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The Milk House: 10 farm films from around the world

Ryan Dennis for Progressive Dairy Published on 24 February 2021

It’s getting harder to find what can be called a farm movie. As the number of agricultural holdings decrease, so is the supposed interest in setting films on them. Nonetheless, the globe is big and, with a little research, the occasional farm flick can still be unearthed.

With that, here is a list of the 10 best most recent farm movies from around the world (or more accurately, Europe and North America).



Movies listed below made the cut for different reasons: Some genuinely incorporate the farm into the film, with accurate acts and details of farming (even if they might be a bit soft on plot). Others might be great movies that include farmers as characters (even if the farming might be peripheral). The result is a diverse group from 10 different countries, many of them giving an insight of what it means to farm in those places.

Without further ado, here are the 10 best farm movies from around the world, humbly ranked by this columnist.

10. It’s All So Quiet Here (Boven is het stil)
Netherlands, 2015

Helmer takes care of his elderly father while trying to come to grips with his sexuality.

This movie mostly makes the list to draw attention to the book it was based on, The Twin by Gerbrand Bakker (previously on my best farm novels list). The book feels like an accurate portrayal of dairy farming in central Europe. The film, however, seems overly concerned with showing only the isolation sometimes felt in farming, and not only provides an entirely different plot but too little of it. Still, it did win the Grand Jury Award in the LA Out film festival, so it’s at least worth mentioning, if not watching.


9. Black Sheep
New Zealand, 2006

A scientific experiment goes wrong, giving birth to a new breed of murderous sheep.

Does anything more need to be said? If you enjoy cult classic kitsch, this is up your alley. It delivers on everything it promises, with the special effects feeling just the right amount of tacky.

8. Harvest (Stadt Land Fluss)
Germany, 2011

Two farmhands meet during an internship at an agricultural facility outside of Berlin and start a romance.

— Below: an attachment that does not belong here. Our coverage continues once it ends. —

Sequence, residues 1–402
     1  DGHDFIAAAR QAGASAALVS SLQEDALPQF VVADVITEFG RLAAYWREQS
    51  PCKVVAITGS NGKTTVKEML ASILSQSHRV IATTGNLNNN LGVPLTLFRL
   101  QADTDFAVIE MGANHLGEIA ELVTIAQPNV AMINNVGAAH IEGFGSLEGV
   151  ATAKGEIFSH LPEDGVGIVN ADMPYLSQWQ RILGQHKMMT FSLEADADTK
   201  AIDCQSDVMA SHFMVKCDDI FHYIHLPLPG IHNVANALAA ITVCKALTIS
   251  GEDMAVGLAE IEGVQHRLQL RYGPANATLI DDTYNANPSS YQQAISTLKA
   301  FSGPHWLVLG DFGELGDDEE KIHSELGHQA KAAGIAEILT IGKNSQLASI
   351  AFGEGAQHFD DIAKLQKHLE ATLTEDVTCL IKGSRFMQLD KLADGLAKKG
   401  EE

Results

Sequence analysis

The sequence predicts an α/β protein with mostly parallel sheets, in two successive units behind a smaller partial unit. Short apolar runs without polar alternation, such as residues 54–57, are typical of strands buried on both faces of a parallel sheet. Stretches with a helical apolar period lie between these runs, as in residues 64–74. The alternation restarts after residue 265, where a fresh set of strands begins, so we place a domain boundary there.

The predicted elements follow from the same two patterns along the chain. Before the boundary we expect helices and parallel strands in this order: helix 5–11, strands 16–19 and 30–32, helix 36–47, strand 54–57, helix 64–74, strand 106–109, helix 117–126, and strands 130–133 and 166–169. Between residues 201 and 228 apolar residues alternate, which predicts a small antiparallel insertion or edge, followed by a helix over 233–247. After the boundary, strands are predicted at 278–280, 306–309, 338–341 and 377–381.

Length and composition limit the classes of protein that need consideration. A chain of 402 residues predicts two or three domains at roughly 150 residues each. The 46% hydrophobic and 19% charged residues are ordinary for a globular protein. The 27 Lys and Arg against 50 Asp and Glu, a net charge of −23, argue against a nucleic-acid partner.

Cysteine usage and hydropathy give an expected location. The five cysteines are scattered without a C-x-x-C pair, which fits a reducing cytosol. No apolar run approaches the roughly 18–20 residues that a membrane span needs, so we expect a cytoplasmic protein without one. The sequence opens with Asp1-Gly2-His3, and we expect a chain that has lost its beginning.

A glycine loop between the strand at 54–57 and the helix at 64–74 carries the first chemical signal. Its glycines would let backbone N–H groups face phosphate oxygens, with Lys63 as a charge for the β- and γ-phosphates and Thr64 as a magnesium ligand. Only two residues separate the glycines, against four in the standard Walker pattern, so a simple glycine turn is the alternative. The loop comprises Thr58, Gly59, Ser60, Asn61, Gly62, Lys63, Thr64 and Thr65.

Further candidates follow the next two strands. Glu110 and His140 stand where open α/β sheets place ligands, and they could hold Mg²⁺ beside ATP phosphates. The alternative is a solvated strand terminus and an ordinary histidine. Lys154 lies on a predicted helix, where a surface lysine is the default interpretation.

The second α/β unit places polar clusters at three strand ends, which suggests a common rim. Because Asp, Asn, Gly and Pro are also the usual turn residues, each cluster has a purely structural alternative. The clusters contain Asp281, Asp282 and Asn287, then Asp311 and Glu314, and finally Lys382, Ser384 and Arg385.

Not alone by any means in the category of gay romance that occurs on a farm, this film also shows symptoms of needing an overarching plot structure. However, some of what Harvest lacks in drama gets made up with the subtleties between the two protagonists. That, and many of the background characters feel particularly real, granting the film a sense of verisimilitude.


7. The Auction (Le Démantèlement)
Canada, 2013

A sheep farmer outside of Montreal decides to sell his farm in order to give money to an ungrateful daughter.

It can be argued that not enough happens in the first half of this French-language film, although it gives you time to enjoy the picturesque landscape around the farm. Nonetheless, the movie picks up steam and provides a heartfelt and accurate assessment of what is sacrificed to be a farmer and the experience behind giving it up.

6. Isolation
Ireland, 2015

A scientific experiment goes wrong (familiar?) and creates a killer Holstein fetus that attacks people on an Irish farm.

I always end up talking about this movie too much, mostly because I’m so impressed that a spoof film addresses the problems of dairy farming so accurately. Most people are going to enjoy an absurd horror movie. Those who know to look for it will not only appreciate the authentic set with (mostly) genuine farming details, but how all dialogue and themes speak to the reasons why family farmers are struggling.

5. The Levelling
United Kingdom, 2016

A farmer’s daughter returns home after her brother shoots himself and tries to figure out what happened.